Sunday, April 19, 2009

Confined to the Possible (by Phila)

A conservative commentator named Jay Schalin defends himself against charges that the "common cultural identity" he wants education to impose on American students amounts to indoctrination.

His starting point is that some people are naturally going to fail at life, because they've been given the freedom to do so by a wise and loving God.
[The] vision of equality is frequently in conflict with the real world—people are not equally gifted or inclined. Some are ambitious, others lazy; some are bright or creative, others dull, for reasons beyond our control.
Except, of course, that the reasons are not necessarily beyond our control. We don't have to stigmatize certain people, and poison others with lead and mercury, and punish others for the alleged sins of their parents. And we can also recognize that claiming equality between people who are manifestly unequal is one of the uglier forms of oppression. But all of this would require us to accept that there "should not be justice in the ordinary sense, but 'social justice,'" and Schalin has already identified this as a unreasonable course of action. Since inequality is natural, any attempt to tamper with it is unnatural by definition.

Besides, society has already achieved justice, through the process of natural selection:
Conservatism...does not begin with any such constructed ideal. Perhaps its most important guiding principle is that tradition represents the surviving wisdom of the past—people over time tend to adopt the ideas that enrich them and empower them, and cast off the ones that fail or weaken them. It views modern free society as the result of the grand trial-and-error experiment that is Western civilization, occurring over many centuries—the result of efficiency and justice winning out over the inefficient and divisive.
And that's why black students tend to score lower on tests than white ones, and women tend to earn less than men: "people" adopted ideas that enriched them. And having done so, they defined once and for all the boundaries of what is possible in American society:
It is therefore a philosophy thoroughly grounded in real events and human nature—it is confined to the possible. There is no need to convert or coerce people to believe in a vision that is against their nature—it is about letting people do as they will, knowing that they will generally choose wisely, having the wisdom of past generations to draw upon.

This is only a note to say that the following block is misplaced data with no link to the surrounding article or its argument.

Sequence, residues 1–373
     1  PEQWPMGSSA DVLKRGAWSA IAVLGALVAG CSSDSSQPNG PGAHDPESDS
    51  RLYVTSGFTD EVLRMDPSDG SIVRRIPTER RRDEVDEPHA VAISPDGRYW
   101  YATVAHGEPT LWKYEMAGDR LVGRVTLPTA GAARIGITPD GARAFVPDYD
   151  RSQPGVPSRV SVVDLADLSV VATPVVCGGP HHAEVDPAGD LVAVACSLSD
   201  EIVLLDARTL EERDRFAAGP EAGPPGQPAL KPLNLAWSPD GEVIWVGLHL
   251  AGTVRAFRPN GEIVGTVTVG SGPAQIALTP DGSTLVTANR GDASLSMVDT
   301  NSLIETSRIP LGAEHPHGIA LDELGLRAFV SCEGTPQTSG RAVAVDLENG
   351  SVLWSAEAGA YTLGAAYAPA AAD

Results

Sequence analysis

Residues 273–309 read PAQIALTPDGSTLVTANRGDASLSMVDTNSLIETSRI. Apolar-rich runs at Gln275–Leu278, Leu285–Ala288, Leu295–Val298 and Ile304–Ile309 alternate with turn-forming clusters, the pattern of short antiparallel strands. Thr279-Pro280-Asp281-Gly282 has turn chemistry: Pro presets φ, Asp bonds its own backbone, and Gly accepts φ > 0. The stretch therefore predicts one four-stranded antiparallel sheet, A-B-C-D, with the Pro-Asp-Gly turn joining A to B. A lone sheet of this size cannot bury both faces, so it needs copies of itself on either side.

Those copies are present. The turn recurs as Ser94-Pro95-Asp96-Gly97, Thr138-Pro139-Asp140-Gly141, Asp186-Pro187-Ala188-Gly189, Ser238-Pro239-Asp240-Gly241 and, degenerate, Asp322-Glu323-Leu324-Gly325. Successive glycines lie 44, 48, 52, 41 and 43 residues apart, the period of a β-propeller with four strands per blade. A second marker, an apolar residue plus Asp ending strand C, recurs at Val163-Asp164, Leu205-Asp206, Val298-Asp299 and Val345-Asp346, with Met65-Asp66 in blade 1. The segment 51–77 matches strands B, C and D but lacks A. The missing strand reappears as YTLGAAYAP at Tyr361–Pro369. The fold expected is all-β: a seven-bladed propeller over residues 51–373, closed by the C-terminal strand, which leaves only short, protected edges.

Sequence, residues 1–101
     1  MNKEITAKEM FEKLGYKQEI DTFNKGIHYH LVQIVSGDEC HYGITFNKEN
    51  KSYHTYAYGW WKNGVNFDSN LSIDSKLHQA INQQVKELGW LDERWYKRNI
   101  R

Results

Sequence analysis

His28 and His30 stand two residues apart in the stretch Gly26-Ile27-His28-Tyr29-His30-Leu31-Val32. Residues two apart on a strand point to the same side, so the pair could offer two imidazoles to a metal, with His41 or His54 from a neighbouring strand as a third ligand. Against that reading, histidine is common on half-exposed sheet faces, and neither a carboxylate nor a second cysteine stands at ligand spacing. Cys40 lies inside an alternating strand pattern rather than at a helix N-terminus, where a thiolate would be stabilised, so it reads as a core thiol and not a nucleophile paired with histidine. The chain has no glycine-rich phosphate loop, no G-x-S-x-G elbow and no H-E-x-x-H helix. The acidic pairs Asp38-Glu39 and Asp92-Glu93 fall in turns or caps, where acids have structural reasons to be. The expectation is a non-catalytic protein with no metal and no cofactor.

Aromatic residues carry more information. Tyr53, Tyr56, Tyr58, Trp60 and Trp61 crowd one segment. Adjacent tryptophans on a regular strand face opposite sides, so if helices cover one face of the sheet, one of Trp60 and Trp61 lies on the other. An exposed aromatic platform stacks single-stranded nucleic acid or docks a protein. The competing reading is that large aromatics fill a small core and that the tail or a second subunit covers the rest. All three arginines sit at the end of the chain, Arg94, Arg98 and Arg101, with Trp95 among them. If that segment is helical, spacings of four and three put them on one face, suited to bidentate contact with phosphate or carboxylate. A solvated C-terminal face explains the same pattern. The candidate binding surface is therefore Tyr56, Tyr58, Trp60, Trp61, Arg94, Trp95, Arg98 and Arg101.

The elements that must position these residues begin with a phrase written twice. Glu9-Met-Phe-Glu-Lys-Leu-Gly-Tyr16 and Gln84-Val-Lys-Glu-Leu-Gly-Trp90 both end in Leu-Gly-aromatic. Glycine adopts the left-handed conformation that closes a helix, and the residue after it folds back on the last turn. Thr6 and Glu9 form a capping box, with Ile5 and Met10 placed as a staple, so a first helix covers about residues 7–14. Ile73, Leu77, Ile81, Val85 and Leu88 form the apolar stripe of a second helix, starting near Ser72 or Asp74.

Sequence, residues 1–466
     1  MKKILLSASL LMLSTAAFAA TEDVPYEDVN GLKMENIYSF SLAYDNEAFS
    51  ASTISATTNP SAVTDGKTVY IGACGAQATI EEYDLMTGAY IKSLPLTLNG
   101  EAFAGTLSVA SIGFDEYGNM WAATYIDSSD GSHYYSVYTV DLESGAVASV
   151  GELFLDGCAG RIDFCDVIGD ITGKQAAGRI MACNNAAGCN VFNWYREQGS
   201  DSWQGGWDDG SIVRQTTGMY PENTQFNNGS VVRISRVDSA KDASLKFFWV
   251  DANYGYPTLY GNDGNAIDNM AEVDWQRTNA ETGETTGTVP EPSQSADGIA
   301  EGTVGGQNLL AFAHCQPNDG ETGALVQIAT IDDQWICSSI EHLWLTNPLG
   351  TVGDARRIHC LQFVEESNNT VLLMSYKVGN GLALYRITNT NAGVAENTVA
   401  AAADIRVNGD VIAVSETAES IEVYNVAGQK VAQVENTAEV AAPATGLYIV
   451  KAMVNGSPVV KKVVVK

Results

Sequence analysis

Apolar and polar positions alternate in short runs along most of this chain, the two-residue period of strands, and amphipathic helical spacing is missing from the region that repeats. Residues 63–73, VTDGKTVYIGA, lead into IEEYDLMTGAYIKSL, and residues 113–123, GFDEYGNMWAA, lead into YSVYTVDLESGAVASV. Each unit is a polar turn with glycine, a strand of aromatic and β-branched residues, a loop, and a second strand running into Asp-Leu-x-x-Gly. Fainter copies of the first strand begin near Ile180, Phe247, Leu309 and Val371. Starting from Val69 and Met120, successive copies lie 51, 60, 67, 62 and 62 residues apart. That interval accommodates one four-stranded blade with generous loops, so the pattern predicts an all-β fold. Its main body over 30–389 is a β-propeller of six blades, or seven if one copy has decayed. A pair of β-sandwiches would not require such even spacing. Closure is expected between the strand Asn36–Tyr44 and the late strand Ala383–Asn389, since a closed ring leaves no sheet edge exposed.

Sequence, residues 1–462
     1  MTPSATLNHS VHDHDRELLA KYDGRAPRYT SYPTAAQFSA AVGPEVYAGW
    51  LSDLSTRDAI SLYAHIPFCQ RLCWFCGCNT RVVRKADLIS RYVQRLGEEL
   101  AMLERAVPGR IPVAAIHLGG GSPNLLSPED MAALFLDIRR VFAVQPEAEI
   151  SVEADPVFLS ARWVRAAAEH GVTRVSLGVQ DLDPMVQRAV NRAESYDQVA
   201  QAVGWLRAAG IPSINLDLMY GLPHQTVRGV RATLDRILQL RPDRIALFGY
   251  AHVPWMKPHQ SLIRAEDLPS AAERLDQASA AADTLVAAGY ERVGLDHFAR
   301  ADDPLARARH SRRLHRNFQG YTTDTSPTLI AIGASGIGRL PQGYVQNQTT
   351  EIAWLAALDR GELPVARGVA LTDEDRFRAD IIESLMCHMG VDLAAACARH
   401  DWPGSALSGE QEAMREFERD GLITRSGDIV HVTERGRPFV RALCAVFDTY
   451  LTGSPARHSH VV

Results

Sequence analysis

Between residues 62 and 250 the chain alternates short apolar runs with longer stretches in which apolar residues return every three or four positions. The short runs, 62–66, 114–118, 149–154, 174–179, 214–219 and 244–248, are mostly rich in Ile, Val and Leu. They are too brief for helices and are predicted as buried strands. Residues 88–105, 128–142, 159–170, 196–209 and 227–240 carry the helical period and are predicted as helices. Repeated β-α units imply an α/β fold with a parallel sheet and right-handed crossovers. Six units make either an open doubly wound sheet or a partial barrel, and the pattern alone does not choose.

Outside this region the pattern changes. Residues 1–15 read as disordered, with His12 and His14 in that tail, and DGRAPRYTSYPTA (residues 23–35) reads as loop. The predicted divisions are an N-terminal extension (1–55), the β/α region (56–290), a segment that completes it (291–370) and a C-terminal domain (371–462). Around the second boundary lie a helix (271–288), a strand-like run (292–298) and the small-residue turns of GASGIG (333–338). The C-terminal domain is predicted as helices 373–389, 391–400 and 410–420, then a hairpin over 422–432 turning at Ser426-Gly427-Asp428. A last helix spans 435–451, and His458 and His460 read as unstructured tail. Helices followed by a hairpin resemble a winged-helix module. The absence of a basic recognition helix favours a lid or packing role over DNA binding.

How do you choose "wisely"? Well, avoiding becoming a homosexual is a good first step, since doing as you will in that case will lead to having fewer rights, being persecuted, and so forth. Being a woman, by contrast, is an accident of birth for which you can't necessarily be blamed. But you can make the most of it by drawing on "the wisdom of past generations," and making the choices that time has proven work best for women. In other words, you're free to choose, as long as you make the right choice, and stick to it come what may.

We arrived at our present "natural" levels of inequality through "the grand trial-and-error experiment that is Western civilization." But now that we're here, trial and error must end, lest some "constructed ideal" redefine what counts as human nature and get everyone all confused. In the worst-case scenario, different people might end up being enriched and empowered, which would turn the natural order on its head. The purpose of the past was to get us to this point, and keep us here: "It organic process happening over time—an evolving mindset that adheres to the basic principles despite the changes."

At this point, forming "a common cultural identity" seems primarily to be a matter of stifling complaint. Schalin claims that there are no racial barriers to "American identity," except to the extent that one insists on one's grievances. Racial complaint is answered by the observation that "Jim Crow laws are long over." Does this mean that Jim Crow laws are part of "the wisdom of past generations"? Or does it mean that we're not, in fact, confined to the possible, as defined by the dominant "cultural identity"? Who knows? Who cares? The important thing is that Clarence Thomas is a conservative even though he's black, and Irving Berlin wrote "White Christmas" even though he was a goddamn Jew. Though these men are minorities, they were able to transcend that limitation, and provide a useful service to the people whom nature put in charge. That, in a nutshell, is what forming "a common cultural identity" is all about. It's not indoctrination; it's our birthright.

So we have free will, which we can use to make the right choices, based on what's known to be possible, according to the winners who wrote the history books. And that's why America is unique in giving its citizens "a focus on the future and not the grievances of the past; a feeling of limitless potential...a sense of wonder, innovation and discovery; and the feeling that one is in control of his or her own destiny."

The sky's the long as you don't step outside the bounds of what's "possible."